with Deryn Thorpe
Micro greens are tiny seedlings of herbs and vegetables grown quickly from seed planted in pots.
You only need a small area on a balcony or veranda to get started and most varieties can also be grown indoors in a well-lit position.
These tiny greens contain the essence of their full grown selves and provide a burst of intense flavor. They are also nutritious, containing higher levels of active plant compounds than sprouted seeds or mature vegetables.
What to grow
Micro greens are grown in sunlight, which promotes the phytochemicals and high concentrations of vitamin C, unlike sprouts, and are usually consumed when they have four true leaves.
My favorites are intensely flavored herbs like coriander, basil, parsley, rocket and chives, which regrow after being trimmed.
To add visual excitement the vibrant purple-red leaves of beetroot, leaf amaranth and some lettuces are culinary champions.
Other suitable micro greens include buckwheat, broccoli, carrots, cabbage, celery, chicory, corn (use popcorn seed) cress, fenugreek, fennel, kale, leaf lettuces, mizuna, mustard, pak choi, peas, purslane, radish, silverbeet, spinach, sunflower, tatsoi and wheatgrass.
Micro greens can be grown year round and because they are picked at the two or four leaf stage they are not as temperature sensitive as full-sized vegetables.
Gardeners in hot areas will find that in summer micro greens grow best with a 30% to 50% shade cloth cover. Otherwise find a position with afternoon shade.
In the cooler months I grow my plants in an inexpensive three tier 'greenhouse' to provide extra warmth.
The main disadvantage of micro greens is that you need a lot more seed than traditional vegetable growing. Source bulk seed from seed suppliers or let a couple of plants in the vegetable patch flower and harvest your own. Seed should be organic or untreated with fungicides.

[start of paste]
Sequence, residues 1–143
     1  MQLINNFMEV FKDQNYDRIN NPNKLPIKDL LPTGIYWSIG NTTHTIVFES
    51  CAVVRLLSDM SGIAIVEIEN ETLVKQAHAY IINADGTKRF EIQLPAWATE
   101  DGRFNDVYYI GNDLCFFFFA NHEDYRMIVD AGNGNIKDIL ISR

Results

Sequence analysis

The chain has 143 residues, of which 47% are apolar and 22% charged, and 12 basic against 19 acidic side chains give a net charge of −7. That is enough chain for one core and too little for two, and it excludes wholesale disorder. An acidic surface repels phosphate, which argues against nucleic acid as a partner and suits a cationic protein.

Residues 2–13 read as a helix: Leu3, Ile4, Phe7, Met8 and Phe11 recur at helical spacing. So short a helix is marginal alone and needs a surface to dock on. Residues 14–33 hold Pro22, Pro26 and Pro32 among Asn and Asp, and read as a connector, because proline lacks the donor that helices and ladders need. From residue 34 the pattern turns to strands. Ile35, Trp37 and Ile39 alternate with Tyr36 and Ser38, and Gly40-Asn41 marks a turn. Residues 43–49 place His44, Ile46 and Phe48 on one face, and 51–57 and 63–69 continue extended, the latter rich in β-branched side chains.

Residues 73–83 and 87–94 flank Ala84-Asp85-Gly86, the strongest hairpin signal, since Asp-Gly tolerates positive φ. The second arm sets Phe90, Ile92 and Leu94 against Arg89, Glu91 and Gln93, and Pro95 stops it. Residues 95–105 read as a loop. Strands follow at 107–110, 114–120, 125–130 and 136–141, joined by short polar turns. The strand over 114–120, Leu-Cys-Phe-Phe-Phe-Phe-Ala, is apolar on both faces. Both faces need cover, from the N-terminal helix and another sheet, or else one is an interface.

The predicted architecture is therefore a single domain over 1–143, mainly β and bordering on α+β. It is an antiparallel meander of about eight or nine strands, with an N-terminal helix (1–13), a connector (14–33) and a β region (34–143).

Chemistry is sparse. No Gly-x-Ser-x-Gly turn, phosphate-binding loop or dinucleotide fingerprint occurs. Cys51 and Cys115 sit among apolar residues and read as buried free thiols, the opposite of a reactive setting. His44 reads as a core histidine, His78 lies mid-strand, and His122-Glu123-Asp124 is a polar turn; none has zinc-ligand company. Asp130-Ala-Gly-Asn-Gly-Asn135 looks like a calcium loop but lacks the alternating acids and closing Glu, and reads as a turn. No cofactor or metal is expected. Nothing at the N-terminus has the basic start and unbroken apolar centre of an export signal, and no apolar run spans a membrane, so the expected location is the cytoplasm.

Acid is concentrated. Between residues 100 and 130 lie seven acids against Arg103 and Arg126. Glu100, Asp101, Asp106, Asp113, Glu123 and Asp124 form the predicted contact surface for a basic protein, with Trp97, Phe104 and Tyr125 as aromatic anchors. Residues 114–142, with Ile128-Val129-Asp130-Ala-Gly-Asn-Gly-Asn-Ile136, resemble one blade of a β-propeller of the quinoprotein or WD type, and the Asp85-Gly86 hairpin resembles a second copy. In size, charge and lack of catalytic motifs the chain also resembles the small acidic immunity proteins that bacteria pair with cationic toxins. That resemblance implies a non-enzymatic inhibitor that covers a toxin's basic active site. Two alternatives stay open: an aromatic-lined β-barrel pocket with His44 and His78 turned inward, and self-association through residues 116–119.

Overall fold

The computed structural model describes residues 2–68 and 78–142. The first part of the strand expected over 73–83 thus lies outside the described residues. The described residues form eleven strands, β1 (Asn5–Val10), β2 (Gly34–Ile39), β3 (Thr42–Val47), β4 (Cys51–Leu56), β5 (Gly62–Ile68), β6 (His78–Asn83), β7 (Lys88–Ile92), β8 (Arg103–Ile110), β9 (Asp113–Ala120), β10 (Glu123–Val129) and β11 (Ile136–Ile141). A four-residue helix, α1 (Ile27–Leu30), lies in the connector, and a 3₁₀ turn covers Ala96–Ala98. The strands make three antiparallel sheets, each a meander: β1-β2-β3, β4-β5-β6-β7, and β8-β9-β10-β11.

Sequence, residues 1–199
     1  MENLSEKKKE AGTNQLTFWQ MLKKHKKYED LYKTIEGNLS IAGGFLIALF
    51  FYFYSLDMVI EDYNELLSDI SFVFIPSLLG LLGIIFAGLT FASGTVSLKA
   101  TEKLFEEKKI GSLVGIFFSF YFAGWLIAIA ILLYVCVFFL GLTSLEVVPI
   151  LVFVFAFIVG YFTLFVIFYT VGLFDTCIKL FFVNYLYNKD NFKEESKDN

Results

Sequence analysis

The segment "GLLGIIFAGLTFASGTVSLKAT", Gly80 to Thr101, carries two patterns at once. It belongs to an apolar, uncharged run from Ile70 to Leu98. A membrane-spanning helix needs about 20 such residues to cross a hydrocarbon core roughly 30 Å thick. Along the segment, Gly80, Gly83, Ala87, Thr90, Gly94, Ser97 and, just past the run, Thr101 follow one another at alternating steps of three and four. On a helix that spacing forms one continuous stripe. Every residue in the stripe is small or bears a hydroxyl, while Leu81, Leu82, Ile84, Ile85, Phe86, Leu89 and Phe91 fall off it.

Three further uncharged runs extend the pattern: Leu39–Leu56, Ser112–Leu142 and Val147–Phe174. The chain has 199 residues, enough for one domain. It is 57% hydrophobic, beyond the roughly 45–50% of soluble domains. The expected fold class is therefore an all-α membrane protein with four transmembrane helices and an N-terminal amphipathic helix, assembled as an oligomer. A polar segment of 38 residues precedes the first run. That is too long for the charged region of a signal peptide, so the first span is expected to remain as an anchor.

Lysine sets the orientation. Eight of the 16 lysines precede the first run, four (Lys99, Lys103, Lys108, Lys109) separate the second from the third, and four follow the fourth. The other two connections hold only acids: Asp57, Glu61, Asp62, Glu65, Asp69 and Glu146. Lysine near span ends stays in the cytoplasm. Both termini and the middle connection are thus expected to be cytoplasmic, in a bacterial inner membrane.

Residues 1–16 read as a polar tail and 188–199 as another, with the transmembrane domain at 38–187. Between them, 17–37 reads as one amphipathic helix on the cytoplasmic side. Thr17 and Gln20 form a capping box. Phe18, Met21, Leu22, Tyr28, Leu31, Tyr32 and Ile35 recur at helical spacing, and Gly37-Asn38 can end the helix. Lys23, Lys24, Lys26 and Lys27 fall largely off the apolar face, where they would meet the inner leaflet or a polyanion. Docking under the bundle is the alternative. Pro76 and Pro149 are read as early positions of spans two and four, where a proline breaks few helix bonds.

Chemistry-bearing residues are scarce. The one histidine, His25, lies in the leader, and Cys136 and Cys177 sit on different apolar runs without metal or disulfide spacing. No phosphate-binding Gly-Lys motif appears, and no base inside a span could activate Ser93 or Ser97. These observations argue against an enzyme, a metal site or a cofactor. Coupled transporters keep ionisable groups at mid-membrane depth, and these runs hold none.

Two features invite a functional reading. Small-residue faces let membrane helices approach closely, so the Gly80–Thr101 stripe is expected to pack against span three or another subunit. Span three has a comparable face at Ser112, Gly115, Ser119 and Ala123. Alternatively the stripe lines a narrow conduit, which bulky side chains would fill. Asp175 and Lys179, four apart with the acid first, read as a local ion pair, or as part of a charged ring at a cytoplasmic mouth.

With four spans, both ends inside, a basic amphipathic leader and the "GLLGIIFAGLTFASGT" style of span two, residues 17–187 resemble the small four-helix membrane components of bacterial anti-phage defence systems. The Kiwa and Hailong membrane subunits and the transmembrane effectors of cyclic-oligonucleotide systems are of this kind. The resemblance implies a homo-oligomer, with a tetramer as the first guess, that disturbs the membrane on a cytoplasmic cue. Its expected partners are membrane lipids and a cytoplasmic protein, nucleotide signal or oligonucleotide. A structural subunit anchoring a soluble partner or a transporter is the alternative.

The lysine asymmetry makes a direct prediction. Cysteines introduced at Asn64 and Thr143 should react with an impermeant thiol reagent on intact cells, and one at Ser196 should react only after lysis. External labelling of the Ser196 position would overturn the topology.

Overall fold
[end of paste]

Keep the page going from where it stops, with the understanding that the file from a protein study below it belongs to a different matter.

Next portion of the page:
How to grow
You can grow micro greens in potting mix, sieved compost or worm castings but in hot climates they grow best in coir peat as it holds moisture and re-wets easily.
Buy fine coir in dry blocks and rehydrate in a wheelbarrow or big bucket with the addition of blood and bone and seaweed tonic.
Put the hydrated coir peat or potting mix into the pots, seedling trays or recycled foam boxes, sprinkle the seeds on top and lightly press into the mix and sift a little mix over the top so the seed is covered. Sow them thickly so they grow tall and straight and keep seeds moist until they germinate.
Water micro greens daily or twice daily in summer and feed weekly with a liquid fertilizer formulated for vegetables. Most micro greens are ready to harvest in 14 to 28 days which means that there isn't time for pests and disease to get going before the leaves are harvested.
I find it easiest to harvest micro greens immediately before eating them, cutting above the soil with a pair of scissors.
You can harvest when their very first leaves appear or wait until there are four leaves so they are halfway in size between sprouts and a baby salad mix. They have the most delicate flavor when the plants have just two leaves and the flavor changes as they grow. •